The Syrian crisis has shaken an entire region and been at the epicenter of a global displacement crisis for the past five years. This crisis has turned some 20 million children, families and communities into refugees and 40 million into internally displaced persons within their own countries, according to UNHCR.
The humanitarian community has been under massive strain to deal with this global crisis. The cracks of this strain are evident in a string of significantly under-resourced humanitarian appeals across fragile states, including Syria and the regional response.
Making matters worse, half of the Syrian refugee population are children, as are many of those inside Syria and in harm’s way. The reality that this crisis has a child’s face — now famously memorialized in the little washed up body of Alan Kurdi on Turkish shores — raises the urgency for humanitarian organizations to figure out how to work with fewer funds in the face of escalating human need and desperation.
In response, the international humanitarian and development community has strengthened its resolve to combine efforts, finite resources and partners under a so-called resilience approach. Resilience is a means of building a diverse range of capacities among individuals, households, communities, systems and governments to manage risks from shocks (such as conflict and disaster) and stress (such as urbanization, migration and resource scarcity).
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To be sure, only a negotiated political solution will end the Syria conflict. However, a resilience approach is critical to do less with more in response to overwhelming human need across the relief and development divide, and set a foundation for the eventual recovery of both Syria and the region.
Raising the bar on resilience
A regional refugee and resilience or 3RP plan has been put in place across many of the countries hosting refugees, including Jordan, Turkey, Lebanon, Iraq and Egypt. Building on this plan, a growing body of research has been commissioned by the United Nations, international nongovernmental organizations and others on how to raise the bar on resilience for maximum impact.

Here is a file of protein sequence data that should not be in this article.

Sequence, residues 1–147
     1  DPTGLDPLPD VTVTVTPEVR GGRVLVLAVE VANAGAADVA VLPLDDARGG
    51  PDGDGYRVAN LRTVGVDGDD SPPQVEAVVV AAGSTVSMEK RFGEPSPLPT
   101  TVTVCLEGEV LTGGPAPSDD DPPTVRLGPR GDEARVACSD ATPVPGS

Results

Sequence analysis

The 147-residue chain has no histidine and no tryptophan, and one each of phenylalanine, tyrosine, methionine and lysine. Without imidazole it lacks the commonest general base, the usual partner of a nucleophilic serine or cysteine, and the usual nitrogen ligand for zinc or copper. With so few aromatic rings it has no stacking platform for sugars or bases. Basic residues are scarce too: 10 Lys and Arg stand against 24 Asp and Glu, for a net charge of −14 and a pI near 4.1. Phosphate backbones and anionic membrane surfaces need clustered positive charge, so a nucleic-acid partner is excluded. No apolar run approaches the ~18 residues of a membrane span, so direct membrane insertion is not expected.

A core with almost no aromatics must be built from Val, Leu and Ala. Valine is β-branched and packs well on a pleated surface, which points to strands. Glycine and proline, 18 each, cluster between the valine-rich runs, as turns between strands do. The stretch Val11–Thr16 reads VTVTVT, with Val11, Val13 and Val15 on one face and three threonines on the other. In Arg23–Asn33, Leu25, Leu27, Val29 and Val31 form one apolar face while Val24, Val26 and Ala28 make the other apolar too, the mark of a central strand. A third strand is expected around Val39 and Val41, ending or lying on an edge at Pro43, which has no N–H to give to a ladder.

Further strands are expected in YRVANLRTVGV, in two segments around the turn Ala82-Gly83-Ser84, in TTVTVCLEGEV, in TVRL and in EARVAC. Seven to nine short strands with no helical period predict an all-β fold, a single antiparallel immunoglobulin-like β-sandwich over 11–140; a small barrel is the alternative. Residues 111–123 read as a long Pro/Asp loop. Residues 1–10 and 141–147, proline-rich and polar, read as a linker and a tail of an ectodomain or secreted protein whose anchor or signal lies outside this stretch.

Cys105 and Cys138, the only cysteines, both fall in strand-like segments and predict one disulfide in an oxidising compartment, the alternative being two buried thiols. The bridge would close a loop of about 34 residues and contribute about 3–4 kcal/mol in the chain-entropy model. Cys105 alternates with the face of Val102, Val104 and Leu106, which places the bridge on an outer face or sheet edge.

Critical to raising the bar is a focus on what might be called “transformational resilience.” Transformational resilience takes place at a higher level, calling for building and bridging capacity within formal government institutions and informal institutions (such as community groups). While some might argue for a more modest response focusing on better coping strategies and contingency planning to help communities better adapt to and absorb stress, a United Nations Development Program report with Mercy Corps rightly affirmed that large-scale transformational resilience is essential for protracted, conflict-induced emergencies like the Syria crisis.
This bridge-building effort between formal and informal institutions is essential to successfully creating programs that lead to transformational resilience. Foundational to this effort is the strengthening of social capital — the ability to mobilize groups, networks and partnerships for greater cooperation, solidarity and support in the face of conflict, disaster and breakdowns in services and markets.
We have seen this type of social capital at work in sophisticated ways in the eastern Democratic Republic of the Congo. A report commissioned by Mercy Corps, Search for Common Ground and World Vision profiled the existence of social and economic networks used by those fleeing intermittent conflict or migrating between urban and rural areas for jobs. The report reinforced the need to support these forms of resilience and social capital strengthening.